Wednesday, June 18, 2008


This is a test post using ScribeFire from Firefox 3.0

ScribeFire is an extension for the Mozilla Firefox Web Browser that integrates with your browser to let you easily post to your blog. It allows you to drag and drop formatted text from pages you are browsing, take notes, and post to your blog directly using ScribeFire.

ScribeFire currently supports the following services:

In addition to the hosted services mentioned above, ScribeFire also supports custom blogging platforms which are usually blogging software hosted on your own server.

The currently supported blogging platforms are:

As mentioned above, any blogging software or blogging platform that implements the MetaWeblog API is implicitly supported by ScribeFire.

It's certainly very simple to use and could be very useful for composing technology related blog posts where a lot of the information is gleaned off of the web.

Tuesday, June 17, 2008

Google Docs Gets PDF Support

You can now upload, preview and share PDFs in Google Docs. You can't edit them yet but you can copy text from them for use in other apps. Hardly a huge innovation but useful for sharing PDF documents with others.

Maybe it won't be long before we can edit PDFs on there or even just search through them.

Monday, June 02, 2008

Buzzword Gets Integrated Into

Buzzword, Adobe's online word processor application, has evolved into part of their new web service, which is still in beta development. It joins Adobe ConnectNow, their online meeting/sharing service, as well as a tool to create PDF files and the ability to store and share files. Basically, is a set of online services such as file sharing and storage, PDF converter, online word processor and web conferencing that you can use to create and share documents, communicate in real time and hopefull simplify working with others.
For existing Buzzword users the only real change is the requirement to access the service using an Adobe account so you'll need to either use an exisiting Adobe account or create one. They'll even move any existing Buzzword documents over to the new account if you want as well. Adobe ConnectNow, if you've never heard of it before it used be called Adobe BRIO, is a Flash-based web-conferencing application that will allow you meet with others online, share ideas, screens and files and even collaborate on a shared whiteboard.

Another very useful addition is the Adobe AIR, runtime version of, which provides an easy way of interacting with to allow dragging and dropping files and folders from your local computer directly into your account, and browsing, previewing, sharing or publishing files easily from your computer. The interface is exactly like the web browser version so there's no need to learn two applications and it can be minimized to a widget to save screen space. Widget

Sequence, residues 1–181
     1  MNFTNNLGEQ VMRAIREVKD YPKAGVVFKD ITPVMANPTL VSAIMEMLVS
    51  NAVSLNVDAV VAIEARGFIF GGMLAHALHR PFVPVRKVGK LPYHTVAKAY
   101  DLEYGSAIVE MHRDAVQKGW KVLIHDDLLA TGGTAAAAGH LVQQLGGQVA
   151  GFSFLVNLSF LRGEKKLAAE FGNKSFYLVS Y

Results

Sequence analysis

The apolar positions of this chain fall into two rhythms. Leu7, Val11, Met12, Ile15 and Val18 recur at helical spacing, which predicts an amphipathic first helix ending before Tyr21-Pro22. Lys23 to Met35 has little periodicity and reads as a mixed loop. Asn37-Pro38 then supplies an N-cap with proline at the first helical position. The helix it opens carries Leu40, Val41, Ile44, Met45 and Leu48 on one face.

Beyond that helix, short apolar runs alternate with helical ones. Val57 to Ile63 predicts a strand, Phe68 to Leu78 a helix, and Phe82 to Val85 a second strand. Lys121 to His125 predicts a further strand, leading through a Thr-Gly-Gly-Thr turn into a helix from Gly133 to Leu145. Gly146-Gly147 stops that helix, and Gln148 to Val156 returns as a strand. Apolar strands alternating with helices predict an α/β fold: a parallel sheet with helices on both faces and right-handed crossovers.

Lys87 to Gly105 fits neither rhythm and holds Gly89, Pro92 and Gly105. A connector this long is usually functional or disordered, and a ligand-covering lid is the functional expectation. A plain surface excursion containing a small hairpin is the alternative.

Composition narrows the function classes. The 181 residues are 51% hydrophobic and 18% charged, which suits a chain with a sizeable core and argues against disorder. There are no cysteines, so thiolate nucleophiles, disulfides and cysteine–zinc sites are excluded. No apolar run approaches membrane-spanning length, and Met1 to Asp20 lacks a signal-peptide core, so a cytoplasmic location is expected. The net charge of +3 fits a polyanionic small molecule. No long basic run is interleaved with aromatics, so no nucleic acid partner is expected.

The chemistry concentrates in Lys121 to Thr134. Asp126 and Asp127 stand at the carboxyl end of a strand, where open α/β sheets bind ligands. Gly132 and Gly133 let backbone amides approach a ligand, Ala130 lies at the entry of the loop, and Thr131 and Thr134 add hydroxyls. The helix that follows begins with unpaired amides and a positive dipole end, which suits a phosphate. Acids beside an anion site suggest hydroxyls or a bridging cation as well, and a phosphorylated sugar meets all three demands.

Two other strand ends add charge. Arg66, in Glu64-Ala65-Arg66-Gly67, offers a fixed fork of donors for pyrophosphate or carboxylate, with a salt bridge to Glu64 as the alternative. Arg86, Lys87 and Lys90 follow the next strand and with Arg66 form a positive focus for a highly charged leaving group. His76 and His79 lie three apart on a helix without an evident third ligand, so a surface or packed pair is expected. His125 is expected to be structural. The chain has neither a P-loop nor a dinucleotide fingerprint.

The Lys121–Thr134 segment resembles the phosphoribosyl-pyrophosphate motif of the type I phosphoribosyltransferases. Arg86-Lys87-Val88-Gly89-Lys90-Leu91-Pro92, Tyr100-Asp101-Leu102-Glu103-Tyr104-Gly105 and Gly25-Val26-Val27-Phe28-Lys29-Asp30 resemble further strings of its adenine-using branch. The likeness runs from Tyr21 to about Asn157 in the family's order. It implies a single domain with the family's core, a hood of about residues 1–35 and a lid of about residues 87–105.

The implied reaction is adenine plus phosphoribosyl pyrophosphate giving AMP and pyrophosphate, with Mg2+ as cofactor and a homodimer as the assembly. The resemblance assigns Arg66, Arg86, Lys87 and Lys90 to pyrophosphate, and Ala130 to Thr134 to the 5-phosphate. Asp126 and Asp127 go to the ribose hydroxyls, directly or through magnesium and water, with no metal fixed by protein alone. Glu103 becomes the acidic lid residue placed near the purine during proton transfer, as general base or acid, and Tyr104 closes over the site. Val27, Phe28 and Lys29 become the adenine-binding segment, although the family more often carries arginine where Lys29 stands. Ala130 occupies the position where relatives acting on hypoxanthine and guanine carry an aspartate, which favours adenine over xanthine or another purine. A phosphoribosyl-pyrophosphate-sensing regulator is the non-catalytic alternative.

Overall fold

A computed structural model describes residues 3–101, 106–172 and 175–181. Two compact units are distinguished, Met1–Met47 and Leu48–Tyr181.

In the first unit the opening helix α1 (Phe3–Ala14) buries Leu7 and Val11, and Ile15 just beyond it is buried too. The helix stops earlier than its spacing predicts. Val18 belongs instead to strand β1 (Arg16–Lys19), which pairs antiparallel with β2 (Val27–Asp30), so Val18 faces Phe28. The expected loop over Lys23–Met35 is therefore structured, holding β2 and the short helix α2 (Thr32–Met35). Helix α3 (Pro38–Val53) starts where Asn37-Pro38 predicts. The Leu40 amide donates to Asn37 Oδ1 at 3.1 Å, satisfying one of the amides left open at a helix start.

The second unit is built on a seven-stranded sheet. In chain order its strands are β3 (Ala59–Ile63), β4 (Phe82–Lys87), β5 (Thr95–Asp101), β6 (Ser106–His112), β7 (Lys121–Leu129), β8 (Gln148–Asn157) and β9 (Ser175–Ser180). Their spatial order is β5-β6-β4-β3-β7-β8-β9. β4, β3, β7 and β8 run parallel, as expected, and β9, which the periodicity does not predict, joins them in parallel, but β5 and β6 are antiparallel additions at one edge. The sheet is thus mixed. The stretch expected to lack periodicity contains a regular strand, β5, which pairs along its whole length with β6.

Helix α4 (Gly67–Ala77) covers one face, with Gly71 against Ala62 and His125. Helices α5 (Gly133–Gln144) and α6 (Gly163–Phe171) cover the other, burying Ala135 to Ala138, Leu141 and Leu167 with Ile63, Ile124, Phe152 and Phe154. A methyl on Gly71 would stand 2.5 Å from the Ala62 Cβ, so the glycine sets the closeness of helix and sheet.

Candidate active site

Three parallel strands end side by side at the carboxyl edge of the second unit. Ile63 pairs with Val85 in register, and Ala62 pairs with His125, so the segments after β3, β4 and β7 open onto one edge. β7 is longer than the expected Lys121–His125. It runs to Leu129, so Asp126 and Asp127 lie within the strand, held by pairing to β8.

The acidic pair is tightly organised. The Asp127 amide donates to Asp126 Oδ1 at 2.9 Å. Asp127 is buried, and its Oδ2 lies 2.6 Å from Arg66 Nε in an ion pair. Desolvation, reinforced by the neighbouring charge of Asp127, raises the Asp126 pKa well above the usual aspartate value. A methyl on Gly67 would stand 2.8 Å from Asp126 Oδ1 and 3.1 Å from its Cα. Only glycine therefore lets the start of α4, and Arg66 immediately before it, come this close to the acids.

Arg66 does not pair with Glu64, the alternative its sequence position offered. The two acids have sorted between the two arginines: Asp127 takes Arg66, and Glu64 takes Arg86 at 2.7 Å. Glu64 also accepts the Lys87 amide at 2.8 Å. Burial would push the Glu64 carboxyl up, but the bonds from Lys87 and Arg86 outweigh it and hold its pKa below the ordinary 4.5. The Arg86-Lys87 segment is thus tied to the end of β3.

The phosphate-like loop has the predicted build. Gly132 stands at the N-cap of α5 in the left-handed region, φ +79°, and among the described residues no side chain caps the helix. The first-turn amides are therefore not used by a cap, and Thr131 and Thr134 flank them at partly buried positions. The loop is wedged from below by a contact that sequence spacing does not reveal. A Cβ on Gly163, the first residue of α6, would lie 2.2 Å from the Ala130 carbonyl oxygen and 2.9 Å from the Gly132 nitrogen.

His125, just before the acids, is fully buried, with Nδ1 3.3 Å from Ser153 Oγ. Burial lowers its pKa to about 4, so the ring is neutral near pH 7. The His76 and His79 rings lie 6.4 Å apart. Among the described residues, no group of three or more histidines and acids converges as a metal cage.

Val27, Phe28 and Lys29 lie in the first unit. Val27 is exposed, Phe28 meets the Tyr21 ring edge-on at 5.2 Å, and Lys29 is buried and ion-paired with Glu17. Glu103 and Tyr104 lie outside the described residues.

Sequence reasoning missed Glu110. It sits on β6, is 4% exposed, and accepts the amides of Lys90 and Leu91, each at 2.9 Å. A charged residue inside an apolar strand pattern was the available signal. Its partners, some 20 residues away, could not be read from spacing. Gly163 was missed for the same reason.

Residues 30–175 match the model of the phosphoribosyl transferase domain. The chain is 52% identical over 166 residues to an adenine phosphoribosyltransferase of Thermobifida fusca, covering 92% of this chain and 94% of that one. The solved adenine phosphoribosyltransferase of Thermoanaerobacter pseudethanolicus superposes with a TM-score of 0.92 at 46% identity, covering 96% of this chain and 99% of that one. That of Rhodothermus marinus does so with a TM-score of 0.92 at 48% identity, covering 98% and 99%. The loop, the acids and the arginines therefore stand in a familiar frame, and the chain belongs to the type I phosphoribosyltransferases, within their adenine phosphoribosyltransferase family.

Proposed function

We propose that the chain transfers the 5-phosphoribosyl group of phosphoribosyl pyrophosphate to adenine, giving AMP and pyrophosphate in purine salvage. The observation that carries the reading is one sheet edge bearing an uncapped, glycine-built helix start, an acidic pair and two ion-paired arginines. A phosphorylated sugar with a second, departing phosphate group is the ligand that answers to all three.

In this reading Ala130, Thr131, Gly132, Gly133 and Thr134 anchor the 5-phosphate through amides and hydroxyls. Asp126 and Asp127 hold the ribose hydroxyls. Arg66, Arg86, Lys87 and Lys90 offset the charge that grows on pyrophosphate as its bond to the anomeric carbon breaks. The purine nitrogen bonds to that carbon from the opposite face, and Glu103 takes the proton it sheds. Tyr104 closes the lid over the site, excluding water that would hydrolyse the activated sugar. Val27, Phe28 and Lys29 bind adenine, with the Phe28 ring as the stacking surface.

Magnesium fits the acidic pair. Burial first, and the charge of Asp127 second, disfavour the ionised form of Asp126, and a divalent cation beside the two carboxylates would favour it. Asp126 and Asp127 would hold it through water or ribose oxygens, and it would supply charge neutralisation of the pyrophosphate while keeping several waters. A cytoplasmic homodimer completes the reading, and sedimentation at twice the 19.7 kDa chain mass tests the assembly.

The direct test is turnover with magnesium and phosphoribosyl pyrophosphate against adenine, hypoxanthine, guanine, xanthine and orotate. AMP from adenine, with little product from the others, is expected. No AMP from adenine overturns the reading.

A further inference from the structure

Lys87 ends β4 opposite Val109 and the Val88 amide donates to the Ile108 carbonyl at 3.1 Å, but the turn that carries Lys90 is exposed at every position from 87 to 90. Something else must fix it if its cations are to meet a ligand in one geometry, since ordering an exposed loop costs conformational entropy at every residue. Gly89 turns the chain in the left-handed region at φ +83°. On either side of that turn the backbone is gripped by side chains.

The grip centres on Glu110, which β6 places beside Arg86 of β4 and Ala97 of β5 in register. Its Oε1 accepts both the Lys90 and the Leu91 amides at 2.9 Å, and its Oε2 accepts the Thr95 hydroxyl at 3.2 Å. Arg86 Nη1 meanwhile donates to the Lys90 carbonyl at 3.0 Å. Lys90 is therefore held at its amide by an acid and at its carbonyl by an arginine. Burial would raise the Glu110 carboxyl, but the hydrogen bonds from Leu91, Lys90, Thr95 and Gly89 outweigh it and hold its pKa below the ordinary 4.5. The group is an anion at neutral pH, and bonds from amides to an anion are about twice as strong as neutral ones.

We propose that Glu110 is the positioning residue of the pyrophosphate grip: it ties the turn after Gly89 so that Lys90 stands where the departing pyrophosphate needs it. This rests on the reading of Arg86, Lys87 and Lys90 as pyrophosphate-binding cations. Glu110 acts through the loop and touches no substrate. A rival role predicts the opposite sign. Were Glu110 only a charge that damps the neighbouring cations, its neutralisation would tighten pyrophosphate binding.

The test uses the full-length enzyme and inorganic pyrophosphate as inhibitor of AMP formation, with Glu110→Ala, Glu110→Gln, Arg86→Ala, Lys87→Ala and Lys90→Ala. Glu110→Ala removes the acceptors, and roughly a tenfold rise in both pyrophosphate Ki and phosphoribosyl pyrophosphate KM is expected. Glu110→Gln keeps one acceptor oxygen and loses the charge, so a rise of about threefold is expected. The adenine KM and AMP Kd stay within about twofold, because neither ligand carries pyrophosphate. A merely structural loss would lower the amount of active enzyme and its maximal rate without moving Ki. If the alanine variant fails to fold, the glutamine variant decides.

Sunday, June 01, 2008

Google Sites Open Doors To All

When Google bought Jotspot last year, I assumed they'd be using that technology to enhance their own web-site creation service Google Page Creator. But no, what emerged was a new product called Google Sites but access was restricted to Google Apps users. Bit of a bummer as that meant you had to be signed up to their paying service to get this.

Google Sites
However, they've relented and opened up Google Sites to all Google account holders. So, if you're looking for a service that lets you create and customize web pages with no knowledge of HTML, then it's definitely worth a look. Okay, there are loads of free, web design and hosting services out there already so why choose Google Sites? Well, it's aimed at groups or "teams" and not just individuals.

Your "team" can quickly gather a variety of information like videos, calendars, presentations, attachments, and text, etc. in one place and easily share it for viewing or editing and you can open it up to your entire organization or the world if you want to. It's kind of like a wiki but Google don't mention that word at all and I'm happy about that as I'm not really a fan of wikis. It's ideal for families, interest groups, project teams, clubs, play-groups or even small business intranets.

Sites is a bit more structured than a wiki and that will probably suit the less technical people they're aiming it at. As well as being able to customize the interface to suit the group theme, you can choose from a growing list of page types like web page, announcements, dashboard, list and file cabinet. You can also embed rich content like video, Google Docs documents, spreadsheets, presentations, Picasa photo slide shows and iGoogle gadgets into any page and you can upload file attachments. However, while Apps Premier users get 10GB of storage space, I can't see anywhere what the limits are for normal Google account holders. The wording or their blog says you can securely host your own website and add as many pages as you like for free but I suppose, now that it's open to the world, we'll soon find out what the limits are.

As stated, Google will host your content for free and your site gets published online, if you allow it, to but if you want to use your own domain name, then you need to upgrade to a Premier account. I'm pretty sure this is Google's answer to Microsoft SharePoint for the masses and closer to what Windows Live Spaces should have been so I think we'll see that service evolve along the same lines as well.